Updated: 34 minutes ago Published: 58 minutes ago
As I slip on my uniform before work, I feel nothing but pride. My dress is adorned with a set of shiny gold wings and a few diamonds that I earned through countless 3 a.m. reserve call-outs, and hundreds of 4 a.m. hotel vans (sometimes on 30-below-degree Fairbanks layovers). Nothing but pride bubbles up. Fifteen years of customer service and dedication to our profession of safety. I am not only in love with the airline I work for, but also so very proud to show off the beautiful place I have lived in all my life with first-time visitors to our great state of Alaska.
Most of those years, I struggled to make a living, often not knowing where my next good meal would be or how I would make ends meet. I was told it would get better. I was told to “just hang on” and gut it out, and that eventually I would make a living wage if I was patient enough. In 2012, I passionately volunteered as mobilization chair for the Anchorage Council of the Association of Flight Attendants (AFA). During an eight-year struggle, we advocated for a contract that would give new flight attendants enough wages to no longer qualify for food stamps. Enough money to live in an apartment, not a car.
Over those same years, my much-loved company was experiencing unprecedented profits and giving shareholders record stock dividends, all while planning an aggressive stock buy-back agenda. Along with other volunteers, we painted and assembled picket signs in my living room. We reached out to other local unions to come out and stand with AFA on the informational picket lines at the shareholders’ meeting at our Heritage Museum. We were asking for a wage increase for the bottom of the pay scale. AFA just wanted to bring the bottom up, create work rules that allowed for proper rest for flight attendants and secure health insurance that’s affordable, even for a new hire. Flight attendants at the top of the seniority list did not get a raise but some improvement in work rules.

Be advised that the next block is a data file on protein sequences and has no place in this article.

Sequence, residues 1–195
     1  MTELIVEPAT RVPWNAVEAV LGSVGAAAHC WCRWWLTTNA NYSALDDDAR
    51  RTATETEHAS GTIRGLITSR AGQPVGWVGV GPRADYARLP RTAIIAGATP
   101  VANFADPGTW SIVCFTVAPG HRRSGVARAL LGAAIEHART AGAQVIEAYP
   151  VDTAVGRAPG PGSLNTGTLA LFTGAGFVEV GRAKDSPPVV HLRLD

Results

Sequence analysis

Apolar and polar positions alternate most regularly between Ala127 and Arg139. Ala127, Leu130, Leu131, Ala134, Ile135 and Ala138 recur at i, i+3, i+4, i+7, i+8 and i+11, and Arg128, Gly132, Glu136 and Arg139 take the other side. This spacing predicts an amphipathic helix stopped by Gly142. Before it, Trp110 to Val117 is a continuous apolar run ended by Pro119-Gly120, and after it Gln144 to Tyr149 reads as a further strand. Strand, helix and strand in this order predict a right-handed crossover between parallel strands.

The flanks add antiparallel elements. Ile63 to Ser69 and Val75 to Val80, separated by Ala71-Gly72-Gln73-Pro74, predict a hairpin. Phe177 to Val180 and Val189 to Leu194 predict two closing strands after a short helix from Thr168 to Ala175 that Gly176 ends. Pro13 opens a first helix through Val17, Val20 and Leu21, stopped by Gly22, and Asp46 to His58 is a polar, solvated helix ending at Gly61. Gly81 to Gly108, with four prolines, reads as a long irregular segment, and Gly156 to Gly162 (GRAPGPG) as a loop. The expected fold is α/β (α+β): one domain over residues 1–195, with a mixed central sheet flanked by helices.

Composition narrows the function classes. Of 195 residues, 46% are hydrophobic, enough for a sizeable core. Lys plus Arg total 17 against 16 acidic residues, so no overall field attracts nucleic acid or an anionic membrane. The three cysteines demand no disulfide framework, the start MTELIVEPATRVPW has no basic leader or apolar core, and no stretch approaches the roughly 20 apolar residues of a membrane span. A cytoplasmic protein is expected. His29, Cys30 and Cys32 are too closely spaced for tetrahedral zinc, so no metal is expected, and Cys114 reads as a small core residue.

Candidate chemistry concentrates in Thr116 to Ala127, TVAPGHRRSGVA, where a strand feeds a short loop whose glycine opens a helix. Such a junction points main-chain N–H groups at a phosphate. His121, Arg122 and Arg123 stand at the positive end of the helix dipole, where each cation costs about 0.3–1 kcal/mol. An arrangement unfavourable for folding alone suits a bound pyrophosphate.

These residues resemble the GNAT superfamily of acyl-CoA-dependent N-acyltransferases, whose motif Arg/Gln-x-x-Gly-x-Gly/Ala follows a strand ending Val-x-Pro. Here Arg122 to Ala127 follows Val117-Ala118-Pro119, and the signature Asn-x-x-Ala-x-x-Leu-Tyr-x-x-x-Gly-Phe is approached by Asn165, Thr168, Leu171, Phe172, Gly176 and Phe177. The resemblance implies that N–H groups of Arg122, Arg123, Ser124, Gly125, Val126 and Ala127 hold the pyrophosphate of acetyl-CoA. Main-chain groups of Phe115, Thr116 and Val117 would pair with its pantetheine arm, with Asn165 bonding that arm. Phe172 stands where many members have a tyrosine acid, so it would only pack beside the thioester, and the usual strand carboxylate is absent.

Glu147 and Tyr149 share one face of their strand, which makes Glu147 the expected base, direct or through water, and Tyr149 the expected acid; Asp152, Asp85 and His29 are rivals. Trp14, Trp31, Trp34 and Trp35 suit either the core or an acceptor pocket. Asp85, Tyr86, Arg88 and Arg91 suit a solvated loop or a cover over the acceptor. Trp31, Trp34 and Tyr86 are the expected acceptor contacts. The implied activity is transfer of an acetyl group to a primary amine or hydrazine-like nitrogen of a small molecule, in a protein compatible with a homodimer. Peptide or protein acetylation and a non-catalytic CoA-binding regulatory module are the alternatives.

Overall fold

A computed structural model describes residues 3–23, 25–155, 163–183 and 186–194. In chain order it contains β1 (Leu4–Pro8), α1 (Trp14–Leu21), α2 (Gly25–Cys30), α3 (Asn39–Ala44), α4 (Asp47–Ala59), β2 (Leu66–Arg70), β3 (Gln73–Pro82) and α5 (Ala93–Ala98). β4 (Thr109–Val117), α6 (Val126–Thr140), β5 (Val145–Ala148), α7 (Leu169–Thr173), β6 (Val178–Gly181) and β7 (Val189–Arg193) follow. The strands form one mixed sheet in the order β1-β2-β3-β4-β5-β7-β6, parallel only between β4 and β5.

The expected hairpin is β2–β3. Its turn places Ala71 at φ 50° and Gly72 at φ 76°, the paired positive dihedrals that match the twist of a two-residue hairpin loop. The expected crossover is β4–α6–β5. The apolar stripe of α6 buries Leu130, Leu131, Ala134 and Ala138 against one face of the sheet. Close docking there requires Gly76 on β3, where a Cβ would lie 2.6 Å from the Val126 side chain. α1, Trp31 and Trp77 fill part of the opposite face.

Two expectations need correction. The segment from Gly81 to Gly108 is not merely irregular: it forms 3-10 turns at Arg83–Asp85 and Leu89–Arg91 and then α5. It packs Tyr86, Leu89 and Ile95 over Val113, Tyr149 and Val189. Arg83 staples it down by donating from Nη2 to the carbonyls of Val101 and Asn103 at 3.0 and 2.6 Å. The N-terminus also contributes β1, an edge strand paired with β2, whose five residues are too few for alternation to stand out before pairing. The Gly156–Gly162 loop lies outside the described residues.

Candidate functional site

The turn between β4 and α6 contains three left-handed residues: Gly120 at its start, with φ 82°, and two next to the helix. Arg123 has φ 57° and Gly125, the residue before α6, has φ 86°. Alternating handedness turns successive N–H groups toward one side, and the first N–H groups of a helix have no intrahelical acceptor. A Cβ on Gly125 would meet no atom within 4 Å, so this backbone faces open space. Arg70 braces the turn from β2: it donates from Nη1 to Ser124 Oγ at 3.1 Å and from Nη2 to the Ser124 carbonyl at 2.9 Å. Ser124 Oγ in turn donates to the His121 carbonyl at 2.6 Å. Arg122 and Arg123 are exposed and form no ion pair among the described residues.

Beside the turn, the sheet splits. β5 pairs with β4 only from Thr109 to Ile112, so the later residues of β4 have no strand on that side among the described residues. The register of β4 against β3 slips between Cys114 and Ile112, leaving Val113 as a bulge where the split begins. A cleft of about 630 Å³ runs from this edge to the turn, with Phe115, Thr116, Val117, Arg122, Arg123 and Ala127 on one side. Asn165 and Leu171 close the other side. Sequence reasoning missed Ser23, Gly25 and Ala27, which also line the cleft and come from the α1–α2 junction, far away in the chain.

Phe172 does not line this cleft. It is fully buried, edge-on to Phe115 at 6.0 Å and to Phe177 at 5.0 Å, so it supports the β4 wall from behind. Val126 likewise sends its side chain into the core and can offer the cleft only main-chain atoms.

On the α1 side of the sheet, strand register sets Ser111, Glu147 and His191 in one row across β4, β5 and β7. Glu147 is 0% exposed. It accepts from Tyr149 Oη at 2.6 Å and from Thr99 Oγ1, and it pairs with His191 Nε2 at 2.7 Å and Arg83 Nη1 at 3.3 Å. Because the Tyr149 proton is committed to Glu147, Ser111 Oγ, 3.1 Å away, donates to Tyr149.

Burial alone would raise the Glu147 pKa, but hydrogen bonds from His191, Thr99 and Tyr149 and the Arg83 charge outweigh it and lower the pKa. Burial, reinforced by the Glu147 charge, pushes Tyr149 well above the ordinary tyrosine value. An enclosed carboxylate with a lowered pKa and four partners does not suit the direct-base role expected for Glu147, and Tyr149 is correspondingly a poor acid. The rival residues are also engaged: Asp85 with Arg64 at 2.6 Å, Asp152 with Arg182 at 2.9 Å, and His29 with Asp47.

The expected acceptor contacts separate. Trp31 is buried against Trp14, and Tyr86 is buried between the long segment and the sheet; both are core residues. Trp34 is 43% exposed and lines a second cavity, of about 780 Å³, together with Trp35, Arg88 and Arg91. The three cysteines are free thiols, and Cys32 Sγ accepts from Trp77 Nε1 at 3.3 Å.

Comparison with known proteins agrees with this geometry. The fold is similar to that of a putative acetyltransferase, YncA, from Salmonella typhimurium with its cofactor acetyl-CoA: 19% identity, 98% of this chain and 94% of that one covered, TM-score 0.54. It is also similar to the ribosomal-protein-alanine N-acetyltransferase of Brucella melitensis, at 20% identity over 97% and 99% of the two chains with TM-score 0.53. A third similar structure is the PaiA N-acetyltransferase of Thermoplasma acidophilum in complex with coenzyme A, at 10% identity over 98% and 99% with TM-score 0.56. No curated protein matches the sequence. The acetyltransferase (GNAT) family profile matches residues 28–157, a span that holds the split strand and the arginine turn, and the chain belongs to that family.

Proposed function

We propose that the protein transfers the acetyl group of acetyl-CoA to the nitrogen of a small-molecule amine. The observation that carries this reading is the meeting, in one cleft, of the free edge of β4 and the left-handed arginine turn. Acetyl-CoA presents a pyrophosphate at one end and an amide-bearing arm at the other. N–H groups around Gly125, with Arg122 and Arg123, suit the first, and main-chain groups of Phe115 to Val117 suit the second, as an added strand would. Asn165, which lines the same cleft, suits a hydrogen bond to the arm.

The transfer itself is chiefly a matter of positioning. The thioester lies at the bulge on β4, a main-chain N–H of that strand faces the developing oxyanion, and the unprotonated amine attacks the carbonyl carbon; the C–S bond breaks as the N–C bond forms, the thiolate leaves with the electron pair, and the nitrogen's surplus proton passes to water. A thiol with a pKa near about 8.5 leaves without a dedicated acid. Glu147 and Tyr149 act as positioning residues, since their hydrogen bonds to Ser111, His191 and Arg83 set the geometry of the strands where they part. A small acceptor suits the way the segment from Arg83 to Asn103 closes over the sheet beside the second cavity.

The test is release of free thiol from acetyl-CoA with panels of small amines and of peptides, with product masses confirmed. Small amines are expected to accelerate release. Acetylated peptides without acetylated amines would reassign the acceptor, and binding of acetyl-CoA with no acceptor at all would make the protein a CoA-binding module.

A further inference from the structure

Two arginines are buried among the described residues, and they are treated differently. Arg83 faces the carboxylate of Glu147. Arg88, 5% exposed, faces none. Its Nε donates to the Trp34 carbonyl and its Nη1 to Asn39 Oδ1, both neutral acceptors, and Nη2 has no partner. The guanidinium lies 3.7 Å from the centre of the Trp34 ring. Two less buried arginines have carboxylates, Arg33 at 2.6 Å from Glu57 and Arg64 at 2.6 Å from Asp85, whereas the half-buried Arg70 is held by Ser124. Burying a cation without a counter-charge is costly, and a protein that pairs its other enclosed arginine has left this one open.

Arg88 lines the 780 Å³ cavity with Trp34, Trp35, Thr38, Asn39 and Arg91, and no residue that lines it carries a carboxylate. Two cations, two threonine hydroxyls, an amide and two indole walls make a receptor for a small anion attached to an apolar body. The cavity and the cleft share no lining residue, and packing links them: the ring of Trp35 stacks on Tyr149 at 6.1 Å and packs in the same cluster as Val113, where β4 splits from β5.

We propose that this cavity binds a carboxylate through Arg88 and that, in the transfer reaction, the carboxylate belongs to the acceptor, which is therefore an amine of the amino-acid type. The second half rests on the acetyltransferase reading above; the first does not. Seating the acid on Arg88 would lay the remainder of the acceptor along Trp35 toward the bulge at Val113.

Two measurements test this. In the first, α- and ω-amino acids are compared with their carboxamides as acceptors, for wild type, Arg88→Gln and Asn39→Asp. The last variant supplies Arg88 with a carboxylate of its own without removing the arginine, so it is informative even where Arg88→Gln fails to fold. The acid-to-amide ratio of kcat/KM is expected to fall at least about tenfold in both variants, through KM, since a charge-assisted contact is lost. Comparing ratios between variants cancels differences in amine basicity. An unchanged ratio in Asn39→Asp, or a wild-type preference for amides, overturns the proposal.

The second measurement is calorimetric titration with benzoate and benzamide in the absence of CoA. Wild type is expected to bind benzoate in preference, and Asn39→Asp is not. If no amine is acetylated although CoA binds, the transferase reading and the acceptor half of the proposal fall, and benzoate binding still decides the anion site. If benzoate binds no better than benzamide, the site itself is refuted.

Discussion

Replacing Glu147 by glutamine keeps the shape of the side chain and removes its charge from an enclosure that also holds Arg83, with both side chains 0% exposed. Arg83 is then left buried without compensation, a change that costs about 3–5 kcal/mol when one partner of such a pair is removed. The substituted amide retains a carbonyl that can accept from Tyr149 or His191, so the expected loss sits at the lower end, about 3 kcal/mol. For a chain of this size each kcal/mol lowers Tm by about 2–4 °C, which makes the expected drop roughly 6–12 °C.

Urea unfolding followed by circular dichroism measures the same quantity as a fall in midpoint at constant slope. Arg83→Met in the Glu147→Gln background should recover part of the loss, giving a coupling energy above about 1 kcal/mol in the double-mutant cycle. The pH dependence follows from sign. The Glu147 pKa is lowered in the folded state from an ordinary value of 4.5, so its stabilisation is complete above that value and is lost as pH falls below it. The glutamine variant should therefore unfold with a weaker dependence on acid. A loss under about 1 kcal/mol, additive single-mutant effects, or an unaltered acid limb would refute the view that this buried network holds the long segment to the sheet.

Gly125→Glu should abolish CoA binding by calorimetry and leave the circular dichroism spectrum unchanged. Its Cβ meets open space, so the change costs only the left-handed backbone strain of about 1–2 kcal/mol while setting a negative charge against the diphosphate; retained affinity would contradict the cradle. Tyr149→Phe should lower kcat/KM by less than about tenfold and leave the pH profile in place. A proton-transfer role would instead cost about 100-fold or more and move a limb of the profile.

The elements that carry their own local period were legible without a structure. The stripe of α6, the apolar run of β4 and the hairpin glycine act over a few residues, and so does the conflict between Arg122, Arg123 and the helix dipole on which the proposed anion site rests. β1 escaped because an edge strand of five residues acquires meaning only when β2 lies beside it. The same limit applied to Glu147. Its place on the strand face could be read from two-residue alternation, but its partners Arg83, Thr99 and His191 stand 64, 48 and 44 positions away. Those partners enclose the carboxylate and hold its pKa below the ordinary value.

We were successful, after an exceedingly long fight, in increasing the wages of a new hire by 100%. That might sound like a lot, but understand they were previously making about $3 per hour on the average 10-hour duty day. Even with the wage increase, it was still $8 per hour — below the minimum wage in all the states where we have flight attendant bases. Shameful, but it was all the company would do. While not proud of the new contract, at least the new hires were making more than $3 per hour. Now, the group of flight attendants at the top of the pay scale still has not had a raise in nearly 20 years.
On Aug. 15, thousands of flight attendants across the country stood together in unity (this was not yet a strike; all picketing Alaska Airlines flight attendants were on their regular days off or vacation). We are asking our company for a living wage. A wage that will prevent our work group from living in their cars, eating in soup kitchens and qualifying for food stamps. Our flight attendants should not have to choose between paying their rent or buying groceries. Alaska Airlines is once again boasting more than $500 million in profits this quarter. I’m incredibly proud that I had a hand in this success and record-breaking customer satisfaction numbers for onboard experience. I’m proud that AFA went to Congress advocating for a bailout to save our airlines during the pandemic. I’m proud that, along with many other flight attendants, we have saved lives onboard the aircraft. I’m so proud that I have fought off a customer that tried to open a door during flight. I’m proud that I somehow survived several violent assaults from passengers during the pandemic. It was a time in the world when passengers were emotionally struggling in ways we can never fully understand. I am proud that AFA and my government affairs team have pushed for air quality and safety legislation in Congress this year.
Now AFA and every single flight attendant are asking for a fair contract that once again brings the bottom up. We ask the airline to raise the wages to reflect the current reality of a $7 jar of mayonnaise and the $8 carton of eggs. The cost of these simple foods has increased by 300%. Two months ago, Alaska Airlines offered a 9% increase for our new hires (less than a dollar per hour). Our AFA union representatives walked away, shaking their heads in disbelief. The airline is pushing to continue a sick-leave policy that disciplines flight attendants for using their sick leave (illegal in Washington, Oregon and California, all states that have flight attendant bases).
Flight attendants at Alaska Airlines need a new contract. One that provides a living wage, safe working conditions, a right to use earned sick leave without fear of losing their jobs, as well as work rules that allow for proper rest. We hope as a community you will support us in this mission.
Thresia Raynor is an Anchorage-based Alaska Airlines flight attendant.
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